4) Interest rate outlook. There are two things involved with a successful mortgage refinance: 1) locking in an interest rate that makes sense, 2) passing the underwriting process. I was able to lock in a rate 0.125% off the all-time low I’ve seen for 5/1 jumbo ARMs. I do believe interest rates will stay low for a long time, but I just don’t know whether I’ll be able to time the bottom again. Here’s my argument for why you should get an ARM versus a 30-year fixed mortgage.
5) Real estate outlook. If you plan to own your property for the long term, it doesn’t matter whether the real estate market is increasing or declining. But if the length of ownership is less than forever, then you need to make an educated guess on the probability of a real estate meltdown occurring during the window when you plan to sell. If there’s greater than a 50% probability, you shouldn’t pay down extra principal because you may never get your money back.
6) Income stability. Do you have a recession-proof job? Or are you in a highly unstable and cyclical business? Everybody should refinance before losing their W2 income because you become dead to banks once you are unemployed. At the same time, nobody should be tying up excess capital into their illiquid homes if their jobs is at risk. The more streams of income you have, the more income stability you have as a result.
7) Net worth composition. Don’t put all your eggs in one basket as the saying goes. If real estate accounts for significantly more than 50% of your net worth, consider staying liquid or using your capital to invest elsewhere. The downturn punished a lot of homeowners because more than 80% of median homeowners’ net worth was in real estate. You can easily see a snapshot of your net worth composition if you aggregate your accounts with Personal Capital.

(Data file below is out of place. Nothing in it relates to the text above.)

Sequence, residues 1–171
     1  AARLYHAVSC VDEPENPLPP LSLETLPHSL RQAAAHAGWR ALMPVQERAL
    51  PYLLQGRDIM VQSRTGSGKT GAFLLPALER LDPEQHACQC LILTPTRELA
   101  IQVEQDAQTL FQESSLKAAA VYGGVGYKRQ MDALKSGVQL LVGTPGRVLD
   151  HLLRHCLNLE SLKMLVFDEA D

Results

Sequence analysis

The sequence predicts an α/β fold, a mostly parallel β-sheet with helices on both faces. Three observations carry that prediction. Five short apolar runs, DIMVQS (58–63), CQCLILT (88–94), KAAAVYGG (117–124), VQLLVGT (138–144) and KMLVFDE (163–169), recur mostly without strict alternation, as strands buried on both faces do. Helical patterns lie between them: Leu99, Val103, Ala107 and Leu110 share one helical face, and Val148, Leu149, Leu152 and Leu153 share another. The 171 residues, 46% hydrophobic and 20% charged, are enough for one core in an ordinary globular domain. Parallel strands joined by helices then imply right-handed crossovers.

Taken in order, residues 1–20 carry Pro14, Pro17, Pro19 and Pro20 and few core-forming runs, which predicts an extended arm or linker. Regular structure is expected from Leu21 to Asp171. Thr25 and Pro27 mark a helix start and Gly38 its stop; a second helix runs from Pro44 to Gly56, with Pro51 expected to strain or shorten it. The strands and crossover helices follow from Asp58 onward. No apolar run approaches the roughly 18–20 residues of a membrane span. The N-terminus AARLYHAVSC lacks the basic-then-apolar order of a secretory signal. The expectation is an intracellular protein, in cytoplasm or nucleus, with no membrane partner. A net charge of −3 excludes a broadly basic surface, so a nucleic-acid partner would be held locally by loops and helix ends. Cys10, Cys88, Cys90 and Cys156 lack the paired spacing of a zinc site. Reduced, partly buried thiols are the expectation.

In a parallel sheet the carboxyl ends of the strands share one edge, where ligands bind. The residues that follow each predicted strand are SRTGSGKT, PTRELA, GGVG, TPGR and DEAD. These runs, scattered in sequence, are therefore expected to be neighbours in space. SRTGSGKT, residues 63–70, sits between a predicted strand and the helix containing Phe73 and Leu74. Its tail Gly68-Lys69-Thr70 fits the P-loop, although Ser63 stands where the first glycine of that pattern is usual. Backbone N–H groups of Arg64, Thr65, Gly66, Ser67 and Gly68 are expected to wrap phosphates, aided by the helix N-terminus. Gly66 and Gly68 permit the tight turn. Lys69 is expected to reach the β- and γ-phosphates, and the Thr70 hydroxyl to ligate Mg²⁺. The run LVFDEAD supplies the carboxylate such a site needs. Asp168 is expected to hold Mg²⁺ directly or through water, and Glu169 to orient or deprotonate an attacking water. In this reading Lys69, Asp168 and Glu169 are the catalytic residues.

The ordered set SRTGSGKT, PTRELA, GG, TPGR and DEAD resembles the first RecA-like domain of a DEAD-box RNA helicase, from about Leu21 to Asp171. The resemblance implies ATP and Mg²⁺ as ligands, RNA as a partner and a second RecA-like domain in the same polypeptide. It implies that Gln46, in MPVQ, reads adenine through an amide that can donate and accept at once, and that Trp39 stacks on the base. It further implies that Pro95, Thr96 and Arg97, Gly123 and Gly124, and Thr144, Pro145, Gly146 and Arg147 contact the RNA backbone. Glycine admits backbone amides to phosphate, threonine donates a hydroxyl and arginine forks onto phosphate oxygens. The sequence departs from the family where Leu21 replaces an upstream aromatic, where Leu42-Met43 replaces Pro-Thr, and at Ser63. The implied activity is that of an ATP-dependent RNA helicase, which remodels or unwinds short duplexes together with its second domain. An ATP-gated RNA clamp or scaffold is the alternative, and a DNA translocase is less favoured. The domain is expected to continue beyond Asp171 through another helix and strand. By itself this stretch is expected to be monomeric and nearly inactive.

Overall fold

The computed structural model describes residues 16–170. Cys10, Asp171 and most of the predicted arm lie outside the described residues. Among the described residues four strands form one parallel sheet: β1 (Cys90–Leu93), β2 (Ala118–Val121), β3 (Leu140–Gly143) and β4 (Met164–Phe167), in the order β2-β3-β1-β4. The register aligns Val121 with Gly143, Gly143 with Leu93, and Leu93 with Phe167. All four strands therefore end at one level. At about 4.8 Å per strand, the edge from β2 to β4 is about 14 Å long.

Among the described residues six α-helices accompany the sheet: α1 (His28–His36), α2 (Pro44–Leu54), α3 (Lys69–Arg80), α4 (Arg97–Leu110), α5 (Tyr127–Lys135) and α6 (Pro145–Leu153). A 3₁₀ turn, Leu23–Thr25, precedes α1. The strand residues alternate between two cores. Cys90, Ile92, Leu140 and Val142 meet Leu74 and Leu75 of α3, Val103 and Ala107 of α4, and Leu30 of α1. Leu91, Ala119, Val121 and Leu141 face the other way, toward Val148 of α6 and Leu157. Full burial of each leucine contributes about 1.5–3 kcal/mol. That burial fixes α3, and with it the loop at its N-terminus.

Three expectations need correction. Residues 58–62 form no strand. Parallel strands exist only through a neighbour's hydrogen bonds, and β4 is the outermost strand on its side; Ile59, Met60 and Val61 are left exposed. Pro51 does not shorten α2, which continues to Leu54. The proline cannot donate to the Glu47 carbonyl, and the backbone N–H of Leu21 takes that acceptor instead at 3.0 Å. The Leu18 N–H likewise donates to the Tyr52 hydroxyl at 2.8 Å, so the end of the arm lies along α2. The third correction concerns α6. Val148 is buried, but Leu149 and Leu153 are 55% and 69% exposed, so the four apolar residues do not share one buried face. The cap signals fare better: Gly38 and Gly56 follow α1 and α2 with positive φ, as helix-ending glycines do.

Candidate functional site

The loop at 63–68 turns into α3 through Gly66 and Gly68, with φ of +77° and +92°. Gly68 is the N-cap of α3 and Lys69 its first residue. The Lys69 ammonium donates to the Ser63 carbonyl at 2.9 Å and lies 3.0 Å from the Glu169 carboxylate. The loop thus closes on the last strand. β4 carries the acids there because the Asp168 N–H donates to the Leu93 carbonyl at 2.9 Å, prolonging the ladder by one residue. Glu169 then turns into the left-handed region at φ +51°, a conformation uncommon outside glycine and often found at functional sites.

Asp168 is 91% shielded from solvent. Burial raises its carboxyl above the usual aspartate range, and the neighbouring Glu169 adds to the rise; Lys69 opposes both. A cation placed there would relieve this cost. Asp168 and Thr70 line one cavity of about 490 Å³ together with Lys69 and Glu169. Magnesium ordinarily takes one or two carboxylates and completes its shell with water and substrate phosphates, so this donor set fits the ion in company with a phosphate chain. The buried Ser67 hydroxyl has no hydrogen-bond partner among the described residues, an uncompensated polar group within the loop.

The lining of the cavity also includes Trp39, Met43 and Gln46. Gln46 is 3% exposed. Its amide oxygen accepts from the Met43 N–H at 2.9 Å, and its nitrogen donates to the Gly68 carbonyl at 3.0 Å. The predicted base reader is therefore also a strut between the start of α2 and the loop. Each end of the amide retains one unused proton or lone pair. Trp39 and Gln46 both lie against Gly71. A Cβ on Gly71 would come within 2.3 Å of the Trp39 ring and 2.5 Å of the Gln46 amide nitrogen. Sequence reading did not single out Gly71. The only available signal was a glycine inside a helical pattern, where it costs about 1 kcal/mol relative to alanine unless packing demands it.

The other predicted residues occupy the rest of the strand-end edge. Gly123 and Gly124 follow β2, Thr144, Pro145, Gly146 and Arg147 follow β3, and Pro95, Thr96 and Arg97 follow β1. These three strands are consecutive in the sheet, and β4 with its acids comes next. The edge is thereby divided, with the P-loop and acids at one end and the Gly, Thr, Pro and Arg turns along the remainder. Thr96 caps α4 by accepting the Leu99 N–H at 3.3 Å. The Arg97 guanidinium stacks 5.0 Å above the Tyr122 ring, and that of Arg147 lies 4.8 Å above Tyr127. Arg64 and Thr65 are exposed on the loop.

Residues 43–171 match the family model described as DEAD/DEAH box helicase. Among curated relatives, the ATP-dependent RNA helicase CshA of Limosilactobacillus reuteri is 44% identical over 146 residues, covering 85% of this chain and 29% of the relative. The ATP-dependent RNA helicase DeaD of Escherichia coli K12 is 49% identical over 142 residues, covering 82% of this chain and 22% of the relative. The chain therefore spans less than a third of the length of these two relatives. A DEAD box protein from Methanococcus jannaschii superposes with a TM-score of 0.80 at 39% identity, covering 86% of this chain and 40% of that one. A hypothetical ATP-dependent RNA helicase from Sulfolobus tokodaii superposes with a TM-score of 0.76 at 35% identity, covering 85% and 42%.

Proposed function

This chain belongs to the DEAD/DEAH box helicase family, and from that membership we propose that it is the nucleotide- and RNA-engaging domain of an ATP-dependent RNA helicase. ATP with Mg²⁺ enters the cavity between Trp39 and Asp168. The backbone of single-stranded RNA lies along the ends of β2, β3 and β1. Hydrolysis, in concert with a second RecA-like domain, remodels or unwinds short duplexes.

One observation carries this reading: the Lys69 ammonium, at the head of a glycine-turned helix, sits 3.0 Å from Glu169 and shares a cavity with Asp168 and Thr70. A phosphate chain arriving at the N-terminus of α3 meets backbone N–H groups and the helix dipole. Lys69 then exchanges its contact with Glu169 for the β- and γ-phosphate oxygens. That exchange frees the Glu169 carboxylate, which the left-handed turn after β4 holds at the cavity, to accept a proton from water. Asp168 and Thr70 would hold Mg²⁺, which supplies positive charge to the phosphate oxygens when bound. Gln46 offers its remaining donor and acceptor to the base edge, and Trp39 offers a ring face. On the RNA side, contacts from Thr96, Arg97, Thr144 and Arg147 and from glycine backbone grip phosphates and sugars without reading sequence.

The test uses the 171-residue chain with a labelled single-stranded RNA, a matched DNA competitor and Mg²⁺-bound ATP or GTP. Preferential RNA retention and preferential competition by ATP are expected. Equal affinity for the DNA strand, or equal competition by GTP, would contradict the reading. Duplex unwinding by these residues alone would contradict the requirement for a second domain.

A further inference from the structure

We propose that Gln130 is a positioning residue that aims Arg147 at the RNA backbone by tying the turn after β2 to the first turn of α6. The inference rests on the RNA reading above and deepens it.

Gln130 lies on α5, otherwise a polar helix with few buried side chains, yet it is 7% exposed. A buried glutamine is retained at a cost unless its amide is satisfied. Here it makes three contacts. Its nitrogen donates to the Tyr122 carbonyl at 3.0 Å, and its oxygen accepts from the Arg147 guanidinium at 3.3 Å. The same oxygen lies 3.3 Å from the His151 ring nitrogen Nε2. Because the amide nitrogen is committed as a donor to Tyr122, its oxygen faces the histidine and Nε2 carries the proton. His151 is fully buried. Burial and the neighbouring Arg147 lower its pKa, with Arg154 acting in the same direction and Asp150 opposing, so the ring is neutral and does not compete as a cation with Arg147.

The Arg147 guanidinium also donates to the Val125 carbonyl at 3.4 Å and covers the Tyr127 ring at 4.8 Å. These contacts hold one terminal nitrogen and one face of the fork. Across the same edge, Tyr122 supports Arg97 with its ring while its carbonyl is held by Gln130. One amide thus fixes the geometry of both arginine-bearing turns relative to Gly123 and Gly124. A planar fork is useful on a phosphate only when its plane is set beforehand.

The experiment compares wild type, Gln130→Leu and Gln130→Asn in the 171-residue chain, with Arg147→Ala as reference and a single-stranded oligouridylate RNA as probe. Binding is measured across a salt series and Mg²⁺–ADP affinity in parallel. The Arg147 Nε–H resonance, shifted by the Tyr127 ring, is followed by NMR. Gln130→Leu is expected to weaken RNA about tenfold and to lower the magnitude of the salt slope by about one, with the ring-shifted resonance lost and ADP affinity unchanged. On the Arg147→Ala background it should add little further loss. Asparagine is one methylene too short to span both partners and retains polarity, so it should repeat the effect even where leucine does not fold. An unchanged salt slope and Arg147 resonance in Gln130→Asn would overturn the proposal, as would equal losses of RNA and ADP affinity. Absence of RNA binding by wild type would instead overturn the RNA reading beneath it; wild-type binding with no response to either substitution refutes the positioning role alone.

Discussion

8) Return on principal pay down. During the previous housing crisis, a lot of people had to do a “cash-in refinance” to pay down principal to get their loan-to-value ratio back down to 80% or lower in order to qualify for a refinance. Back then, the interest rate spreads were significant e.g. a homeowner locked in a 6% 30-year fixed rate before the crisis, but could refinance to 4% if they got their LTV down. In my situation, I’m only talking about a 0.25% difference not a 2% difference.
Because my cash flow increases by $1,178 a month or $14,136 a year if I pay down my mortgage from $981,000 to $800,000, I could say that my return on $181,000 = 7.8% ($14,136 / $181,000). Or, I can take my old annual interest payment ($981,000 X 2.625% = $26,000) – new annual interest payment ($800,000 X 2.375% = $19,000) / cash-in amount ($181,000) = 3.8% return. Or I can simply calculate the return based on the interest rate I am refinancing = 2.625%.
2.625%, 3.8%, and 7.8% returns all compare favorably to the current risk-free rate of return of ~1.75%. The question is whether you’re willing to take more risk to get an even greater return.
Always Do The Math
Everybody should come up with a debt pay down plan. Once you have a plan, you’ll figure out ways to achieve your goal. My plan is to be done with this originally $1,220,000 mortgage by age 50. If I pay down an extra $181,000 in principal to qualify for my 2.375% rate, I’ll have 11 years left to pay off the remaining $800,000 balance.
I have zero regrets paying down an extra $200,000 in principal on a rental property in 2014 and 2015. It’s now mortgage-free and I couldn’t be more satisfied. Some people have said it’s unwise to have so much capital locked up in one asset. That’s true if the asset accounts for a significant portion of your net worth. This rental property is less than 15% of my net worth, and will hopefully continue to decrease with an increase in the overall pie.
70% of me is leaning towards paying down extra principal in order to lock in 2.375% for the next five years. I’ll be cash poor for a couple months, but knowing me, I’ll switch my hustle engine into overdrive to rebuild my warchest.
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Updated for 2020 and beyond.